Flooding isn’t just a problem in Nebraska and some other states that have dominated recent news coverage. The New York Times notes Weather Service findings that indicate 25 states, including Arkansas, could experience “major or moderate” flooding this spring.

“The flooding this year could be worse than anything we’ve seen in recent years, even worse than the historic floods of 1993 and 2011,” said Mary C. Erickson, deputy director of the National Weather Service, in a conference call with reporters. The major flooding this month in Nebraska, Minnesota, Iowa and elsewhere is “a preview of what we expect throughout the rest of the spring,” she said.

The larger point:

More rainfall in the Midwest is a predictable consequence of climate change, according to the most recent National Climate Assessment, which was produced last year by 13 federal agencies. A warmer atmosphere can hold more moisture, which comes down as precipitation.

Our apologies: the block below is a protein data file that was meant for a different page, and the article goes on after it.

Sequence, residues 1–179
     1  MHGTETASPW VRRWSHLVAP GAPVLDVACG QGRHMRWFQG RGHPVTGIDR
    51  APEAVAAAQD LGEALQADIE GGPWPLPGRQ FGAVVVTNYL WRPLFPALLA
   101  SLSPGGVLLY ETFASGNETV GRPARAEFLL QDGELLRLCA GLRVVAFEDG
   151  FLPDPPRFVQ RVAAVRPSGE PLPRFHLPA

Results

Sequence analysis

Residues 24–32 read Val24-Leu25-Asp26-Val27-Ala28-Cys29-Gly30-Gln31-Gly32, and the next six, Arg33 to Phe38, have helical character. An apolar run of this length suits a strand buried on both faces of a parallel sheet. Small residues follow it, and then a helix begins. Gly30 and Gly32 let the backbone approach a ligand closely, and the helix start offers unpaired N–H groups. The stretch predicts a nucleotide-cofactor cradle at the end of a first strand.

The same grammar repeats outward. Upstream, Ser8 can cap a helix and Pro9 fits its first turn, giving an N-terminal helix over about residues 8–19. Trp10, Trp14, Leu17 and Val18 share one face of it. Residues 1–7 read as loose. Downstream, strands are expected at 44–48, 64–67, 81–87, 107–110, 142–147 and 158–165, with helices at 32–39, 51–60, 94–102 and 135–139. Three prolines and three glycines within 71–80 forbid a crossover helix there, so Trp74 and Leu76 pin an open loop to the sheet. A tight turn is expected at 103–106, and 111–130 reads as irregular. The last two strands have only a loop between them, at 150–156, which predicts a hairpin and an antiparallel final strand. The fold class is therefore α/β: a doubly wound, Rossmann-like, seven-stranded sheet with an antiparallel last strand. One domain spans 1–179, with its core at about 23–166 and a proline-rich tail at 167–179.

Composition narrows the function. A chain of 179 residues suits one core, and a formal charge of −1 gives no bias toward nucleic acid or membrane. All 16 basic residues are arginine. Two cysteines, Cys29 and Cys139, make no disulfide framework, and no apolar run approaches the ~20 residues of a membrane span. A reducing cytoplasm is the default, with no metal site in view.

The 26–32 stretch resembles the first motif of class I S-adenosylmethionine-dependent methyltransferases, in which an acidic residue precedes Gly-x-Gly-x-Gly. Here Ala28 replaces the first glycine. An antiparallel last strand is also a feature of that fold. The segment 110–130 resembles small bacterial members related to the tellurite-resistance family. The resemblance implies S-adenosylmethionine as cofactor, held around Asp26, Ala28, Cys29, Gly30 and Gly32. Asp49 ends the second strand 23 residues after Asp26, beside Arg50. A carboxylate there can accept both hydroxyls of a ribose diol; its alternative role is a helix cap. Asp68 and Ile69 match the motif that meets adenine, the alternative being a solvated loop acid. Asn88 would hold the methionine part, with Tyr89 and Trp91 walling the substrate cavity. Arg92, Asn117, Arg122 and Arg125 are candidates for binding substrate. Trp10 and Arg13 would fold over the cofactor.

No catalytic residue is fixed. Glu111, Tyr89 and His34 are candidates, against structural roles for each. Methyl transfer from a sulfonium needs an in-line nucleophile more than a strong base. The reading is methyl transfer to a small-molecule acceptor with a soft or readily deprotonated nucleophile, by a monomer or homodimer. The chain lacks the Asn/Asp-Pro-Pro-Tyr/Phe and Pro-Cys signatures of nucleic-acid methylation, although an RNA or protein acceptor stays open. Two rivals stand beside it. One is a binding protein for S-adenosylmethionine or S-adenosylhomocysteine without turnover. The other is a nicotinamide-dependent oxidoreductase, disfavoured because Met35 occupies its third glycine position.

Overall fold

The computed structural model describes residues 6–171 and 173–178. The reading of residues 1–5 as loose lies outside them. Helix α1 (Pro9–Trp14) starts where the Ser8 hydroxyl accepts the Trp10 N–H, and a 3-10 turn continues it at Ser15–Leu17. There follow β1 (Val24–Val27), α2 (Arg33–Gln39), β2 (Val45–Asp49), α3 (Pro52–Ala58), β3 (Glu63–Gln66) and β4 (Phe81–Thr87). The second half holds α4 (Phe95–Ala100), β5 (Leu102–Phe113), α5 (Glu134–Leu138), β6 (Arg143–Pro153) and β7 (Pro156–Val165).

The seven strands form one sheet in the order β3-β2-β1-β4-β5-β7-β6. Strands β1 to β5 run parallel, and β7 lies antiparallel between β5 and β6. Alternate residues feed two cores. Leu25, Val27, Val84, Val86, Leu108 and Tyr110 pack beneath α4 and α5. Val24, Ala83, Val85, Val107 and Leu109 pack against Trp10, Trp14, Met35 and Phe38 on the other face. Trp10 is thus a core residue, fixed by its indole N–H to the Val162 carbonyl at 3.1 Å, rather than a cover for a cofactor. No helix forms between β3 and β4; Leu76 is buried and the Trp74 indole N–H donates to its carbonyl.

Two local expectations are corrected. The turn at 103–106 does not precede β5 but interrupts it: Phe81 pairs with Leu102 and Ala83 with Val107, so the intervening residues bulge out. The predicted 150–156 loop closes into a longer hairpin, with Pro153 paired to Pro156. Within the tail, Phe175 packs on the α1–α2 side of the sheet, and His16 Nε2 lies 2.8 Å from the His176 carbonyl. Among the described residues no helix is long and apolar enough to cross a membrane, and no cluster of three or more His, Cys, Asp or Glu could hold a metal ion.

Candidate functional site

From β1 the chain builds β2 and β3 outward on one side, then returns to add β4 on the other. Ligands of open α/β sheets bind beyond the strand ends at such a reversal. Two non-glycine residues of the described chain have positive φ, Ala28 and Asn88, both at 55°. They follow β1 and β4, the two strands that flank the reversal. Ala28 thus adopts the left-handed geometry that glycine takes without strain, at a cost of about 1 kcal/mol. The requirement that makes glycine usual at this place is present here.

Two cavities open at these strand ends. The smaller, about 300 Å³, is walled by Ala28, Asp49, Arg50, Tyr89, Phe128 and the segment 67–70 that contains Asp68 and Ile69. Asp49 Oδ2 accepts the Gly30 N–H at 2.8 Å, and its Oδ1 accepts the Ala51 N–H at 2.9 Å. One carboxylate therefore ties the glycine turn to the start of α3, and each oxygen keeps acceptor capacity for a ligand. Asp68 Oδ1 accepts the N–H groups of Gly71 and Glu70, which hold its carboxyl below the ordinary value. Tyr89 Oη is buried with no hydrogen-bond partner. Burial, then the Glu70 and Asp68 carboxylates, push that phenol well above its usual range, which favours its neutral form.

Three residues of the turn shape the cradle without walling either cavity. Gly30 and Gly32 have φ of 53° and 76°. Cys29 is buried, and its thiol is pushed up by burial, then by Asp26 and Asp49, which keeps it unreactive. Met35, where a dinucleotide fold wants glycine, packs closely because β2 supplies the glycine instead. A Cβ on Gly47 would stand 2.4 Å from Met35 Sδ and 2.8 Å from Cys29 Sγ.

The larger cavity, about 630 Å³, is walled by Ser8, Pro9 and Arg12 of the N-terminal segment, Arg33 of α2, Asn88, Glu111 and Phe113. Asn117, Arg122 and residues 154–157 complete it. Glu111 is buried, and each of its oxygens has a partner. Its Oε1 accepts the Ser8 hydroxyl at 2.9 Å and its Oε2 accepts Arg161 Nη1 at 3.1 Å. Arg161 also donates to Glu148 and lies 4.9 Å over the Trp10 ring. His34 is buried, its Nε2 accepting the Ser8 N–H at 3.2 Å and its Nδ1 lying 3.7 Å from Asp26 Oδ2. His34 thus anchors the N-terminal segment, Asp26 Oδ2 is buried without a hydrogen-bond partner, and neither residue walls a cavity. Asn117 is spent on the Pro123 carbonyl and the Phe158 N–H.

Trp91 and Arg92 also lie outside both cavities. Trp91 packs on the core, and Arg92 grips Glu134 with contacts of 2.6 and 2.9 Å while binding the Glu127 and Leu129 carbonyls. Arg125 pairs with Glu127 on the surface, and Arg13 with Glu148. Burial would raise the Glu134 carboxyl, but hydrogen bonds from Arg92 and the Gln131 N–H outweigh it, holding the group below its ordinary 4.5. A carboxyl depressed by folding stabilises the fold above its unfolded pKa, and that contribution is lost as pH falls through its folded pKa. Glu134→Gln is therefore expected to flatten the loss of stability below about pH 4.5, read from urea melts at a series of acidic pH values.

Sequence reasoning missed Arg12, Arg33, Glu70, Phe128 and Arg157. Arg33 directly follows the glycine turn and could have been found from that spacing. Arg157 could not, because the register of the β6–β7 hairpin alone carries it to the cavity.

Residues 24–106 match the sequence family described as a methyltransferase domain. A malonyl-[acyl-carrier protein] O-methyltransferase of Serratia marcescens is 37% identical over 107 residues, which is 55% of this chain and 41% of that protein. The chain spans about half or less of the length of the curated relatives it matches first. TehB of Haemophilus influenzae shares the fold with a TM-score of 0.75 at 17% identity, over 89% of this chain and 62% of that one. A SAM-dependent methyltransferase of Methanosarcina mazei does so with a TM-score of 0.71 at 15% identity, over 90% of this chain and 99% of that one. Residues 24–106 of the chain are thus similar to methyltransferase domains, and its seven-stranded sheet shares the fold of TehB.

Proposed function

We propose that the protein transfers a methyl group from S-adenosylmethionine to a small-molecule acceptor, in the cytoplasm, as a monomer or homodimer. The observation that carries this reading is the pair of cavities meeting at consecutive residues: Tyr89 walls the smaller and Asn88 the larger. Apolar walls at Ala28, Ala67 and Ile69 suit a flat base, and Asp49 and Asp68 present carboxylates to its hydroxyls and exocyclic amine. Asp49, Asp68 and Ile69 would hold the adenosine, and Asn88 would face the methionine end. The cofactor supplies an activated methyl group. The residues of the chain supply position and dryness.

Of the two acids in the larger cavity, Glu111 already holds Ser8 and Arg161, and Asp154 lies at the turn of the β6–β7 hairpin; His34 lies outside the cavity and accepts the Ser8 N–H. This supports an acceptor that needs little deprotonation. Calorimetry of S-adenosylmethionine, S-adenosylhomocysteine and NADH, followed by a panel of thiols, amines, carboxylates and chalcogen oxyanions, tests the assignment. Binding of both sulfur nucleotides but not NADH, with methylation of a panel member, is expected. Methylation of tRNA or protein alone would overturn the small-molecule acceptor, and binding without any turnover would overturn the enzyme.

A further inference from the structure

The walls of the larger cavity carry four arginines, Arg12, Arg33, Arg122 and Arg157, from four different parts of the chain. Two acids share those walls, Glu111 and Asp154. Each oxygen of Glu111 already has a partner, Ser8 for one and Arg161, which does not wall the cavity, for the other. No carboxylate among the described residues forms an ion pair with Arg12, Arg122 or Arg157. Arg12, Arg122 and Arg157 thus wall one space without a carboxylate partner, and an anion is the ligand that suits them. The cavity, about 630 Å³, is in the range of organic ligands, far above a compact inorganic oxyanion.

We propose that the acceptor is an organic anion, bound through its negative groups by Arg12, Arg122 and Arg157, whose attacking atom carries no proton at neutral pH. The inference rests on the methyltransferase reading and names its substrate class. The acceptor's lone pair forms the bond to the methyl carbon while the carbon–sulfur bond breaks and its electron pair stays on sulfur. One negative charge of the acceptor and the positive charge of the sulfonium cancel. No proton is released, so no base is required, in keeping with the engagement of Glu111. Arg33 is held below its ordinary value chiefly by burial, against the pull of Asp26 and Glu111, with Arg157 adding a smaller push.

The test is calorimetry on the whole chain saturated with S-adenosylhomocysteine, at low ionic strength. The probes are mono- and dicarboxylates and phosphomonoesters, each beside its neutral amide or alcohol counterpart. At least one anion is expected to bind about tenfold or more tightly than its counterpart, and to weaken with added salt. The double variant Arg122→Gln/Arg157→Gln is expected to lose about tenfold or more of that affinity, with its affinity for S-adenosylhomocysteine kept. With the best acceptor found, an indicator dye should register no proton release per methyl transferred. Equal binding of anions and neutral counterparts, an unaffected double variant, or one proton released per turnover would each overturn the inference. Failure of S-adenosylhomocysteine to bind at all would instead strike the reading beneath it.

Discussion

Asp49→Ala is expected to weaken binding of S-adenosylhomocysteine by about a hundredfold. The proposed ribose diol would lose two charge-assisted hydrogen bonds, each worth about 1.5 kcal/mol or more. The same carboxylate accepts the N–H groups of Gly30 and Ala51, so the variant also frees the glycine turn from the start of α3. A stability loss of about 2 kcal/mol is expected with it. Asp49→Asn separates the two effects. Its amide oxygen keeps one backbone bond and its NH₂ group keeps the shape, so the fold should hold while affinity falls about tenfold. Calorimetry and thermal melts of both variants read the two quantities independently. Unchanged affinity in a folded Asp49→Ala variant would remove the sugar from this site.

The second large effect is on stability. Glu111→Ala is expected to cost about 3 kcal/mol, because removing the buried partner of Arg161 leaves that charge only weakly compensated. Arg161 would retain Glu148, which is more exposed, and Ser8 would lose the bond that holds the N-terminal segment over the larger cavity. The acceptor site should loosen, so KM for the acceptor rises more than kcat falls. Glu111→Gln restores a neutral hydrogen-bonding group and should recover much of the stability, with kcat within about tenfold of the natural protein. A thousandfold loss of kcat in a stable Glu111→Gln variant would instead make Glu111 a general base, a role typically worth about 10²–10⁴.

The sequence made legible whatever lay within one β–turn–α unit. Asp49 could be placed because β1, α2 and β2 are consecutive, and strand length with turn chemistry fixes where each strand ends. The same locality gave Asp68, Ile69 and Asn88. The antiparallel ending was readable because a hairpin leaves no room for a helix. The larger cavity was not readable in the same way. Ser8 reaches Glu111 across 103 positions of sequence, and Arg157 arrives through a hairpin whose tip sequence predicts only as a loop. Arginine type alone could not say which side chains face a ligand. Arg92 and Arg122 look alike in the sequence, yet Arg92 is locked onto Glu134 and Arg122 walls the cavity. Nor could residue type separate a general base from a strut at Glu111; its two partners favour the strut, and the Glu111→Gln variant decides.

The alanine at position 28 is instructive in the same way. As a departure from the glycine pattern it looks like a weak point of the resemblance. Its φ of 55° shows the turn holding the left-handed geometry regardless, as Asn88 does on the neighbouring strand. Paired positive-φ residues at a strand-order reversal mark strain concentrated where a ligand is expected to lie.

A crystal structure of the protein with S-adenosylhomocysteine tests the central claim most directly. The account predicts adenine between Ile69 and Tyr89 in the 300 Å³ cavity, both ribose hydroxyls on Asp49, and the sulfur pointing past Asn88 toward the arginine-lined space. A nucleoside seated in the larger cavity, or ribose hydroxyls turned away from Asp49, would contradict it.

Noted: The map shows most flooding along the Mississippi River in Arkansas. You might have read this morning about a lawsuit by farmers along the White River that blames a rising problem with spring flooding on account of Army Corps of Engineers management of water from its lakes rather than climate change. The suit suggests the Corps is showing more concern about recreational uses of the lakes than impact of water release on farmers downstream, particularly some in low-lying areas near the White and tributaries.